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Georgia’s Public Defender Issues Statement About Cyanide Attack Case

By Gvantsa Gabekhadze
Thursday, November 16
(TBILISI) -- Georgia’s Public Defender Ucha Nanuashvili released his preliminary findings about a cyanide case involving a clergyman who was given a nine-year prison sentence for the attempted murder of Patriarch Ilia II’s female secretary.

Nanuashvili stated that the case “was of high public interest,” though the investigation and trials were conducted without public oversight.

“The Public Defender's Office was the only neutral body that monitored the trials,” said Nanuashvili.

Nanuashvili said statements made by representatives of the authorities in relation to Giorgi Mamaladze, the priest found guilty of the crime, “violated the principle on the presumption of innocence.”

“Statements by public officials contributed to the creation of prejudice against Mamaladze long before his conviction,” Nanuashvili said.

He added that the defense team worked under “unfair conditions” due to being forced not to disclose the details of the case, which according to Nanuashvili, did not serve the goals of procedural legislation and were “superfluous and unnecessarily restricted.”

“Tbilisi City Court and the Court of Appeals did not allow the defense to obtain airport camera recordings, which would be key pieces of evidence in this case. As a result, the defense was deprived of the opportunity to appoint several investigators to the case,” Nanuashvili said.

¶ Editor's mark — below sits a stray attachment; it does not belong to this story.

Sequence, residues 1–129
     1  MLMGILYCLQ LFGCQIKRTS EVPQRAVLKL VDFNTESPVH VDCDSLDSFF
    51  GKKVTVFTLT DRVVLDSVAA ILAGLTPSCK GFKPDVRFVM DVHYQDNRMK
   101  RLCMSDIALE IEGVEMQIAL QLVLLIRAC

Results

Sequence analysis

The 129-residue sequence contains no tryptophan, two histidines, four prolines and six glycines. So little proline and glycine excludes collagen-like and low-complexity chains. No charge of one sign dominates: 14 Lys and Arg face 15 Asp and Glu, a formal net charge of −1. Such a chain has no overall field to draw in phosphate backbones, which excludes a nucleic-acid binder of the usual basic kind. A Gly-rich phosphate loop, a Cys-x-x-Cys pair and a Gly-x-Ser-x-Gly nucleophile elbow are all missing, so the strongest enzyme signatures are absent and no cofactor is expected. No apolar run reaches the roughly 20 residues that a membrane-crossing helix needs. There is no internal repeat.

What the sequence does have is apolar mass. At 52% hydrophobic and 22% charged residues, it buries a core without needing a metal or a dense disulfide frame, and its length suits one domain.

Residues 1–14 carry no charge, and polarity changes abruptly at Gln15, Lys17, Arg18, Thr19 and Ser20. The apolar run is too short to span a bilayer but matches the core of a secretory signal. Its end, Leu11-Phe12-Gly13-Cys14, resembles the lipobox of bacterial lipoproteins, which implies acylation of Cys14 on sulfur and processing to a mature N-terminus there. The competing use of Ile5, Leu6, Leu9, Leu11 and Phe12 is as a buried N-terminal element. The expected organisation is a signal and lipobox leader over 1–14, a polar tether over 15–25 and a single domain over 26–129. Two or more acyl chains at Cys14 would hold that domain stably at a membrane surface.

The court said Mamaladze’s motive for the attempted murder was “personal revenge.”

Mamaladze’s lawyers and brother claimed the decision was “absolutely groundless” and Judge Besik Bugianishvili was a “slave” of the current Georgian Dream leadership and some influential figures in the Georgian Patriarchate.

In early February, Georgia’s Chief Prosecutor announced that they had detained Mamaladze, the deputy head of the Patriarchate’s Property Management Service and director general of the Patriarchate’s medical center, at Tbilisi International Airport. According to the prosecution, he intended to flee to Germany on February 10.

Ilia II was in Germany at the time to undergo an operation for bladder-related complications.

Chief Prosecutor Irakli Shotadze said that Mamaladze had attempted to acquire cyanide from a close friend and distant relative, journalist Irakli Mamaladze, who informed the police that the former priest intended to kill a “high ranking spiritual figure.”

Suspicion about who Mamaladze planned to murder grew when Prime Minister Giorgi Kvirikashvili stated that the country had “avoided a huge tragedy.”

Later, the Prosecutor’s office stated that the alleged target was Ilia II’s secretary, Shorena Tetruashvili. After some time, a video emerged of Mamaladze speaking about Tetruashvili in a negative light and calling her “an obstacle in his career.”

Mamaladze’s lawyers and family claimed the footage was fabricated.

Some members of the church, including Archbishop Petre, stated that Mamaladze had information about various financial and property-related violations within the church, which could have become the reason why he was “trapped by some people involved in illegalities, both from the church and the authorities.”

Archbishop Petre named Tetruashvili along with another archbishop as “key players” in the wrongdoings.

The Chief Prosecutor’s office demanded that the trials be closed to the public.